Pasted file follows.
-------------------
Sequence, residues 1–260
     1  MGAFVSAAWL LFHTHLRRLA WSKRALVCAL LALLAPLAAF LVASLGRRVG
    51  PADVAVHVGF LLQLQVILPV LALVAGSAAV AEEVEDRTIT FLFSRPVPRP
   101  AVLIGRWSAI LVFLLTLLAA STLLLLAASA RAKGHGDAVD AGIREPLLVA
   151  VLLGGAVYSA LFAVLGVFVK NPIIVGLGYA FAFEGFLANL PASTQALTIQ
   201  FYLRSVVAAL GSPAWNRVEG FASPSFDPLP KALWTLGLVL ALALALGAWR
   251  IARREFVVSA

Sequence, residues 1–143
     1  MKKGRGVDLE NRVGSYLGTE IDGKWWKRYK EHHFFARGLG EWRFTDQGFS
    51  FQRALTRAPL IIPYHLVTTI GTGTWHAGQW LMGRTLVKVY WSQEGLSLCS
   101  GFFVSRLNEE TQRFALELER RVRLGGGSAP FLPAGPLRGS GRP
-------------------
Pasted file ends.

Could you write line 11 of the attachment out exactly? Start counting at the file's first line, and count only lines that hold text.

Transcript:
   101  GFFVSRLNEE TQRFALELER RVRLGGGSAP FLPAGPLRGS GRP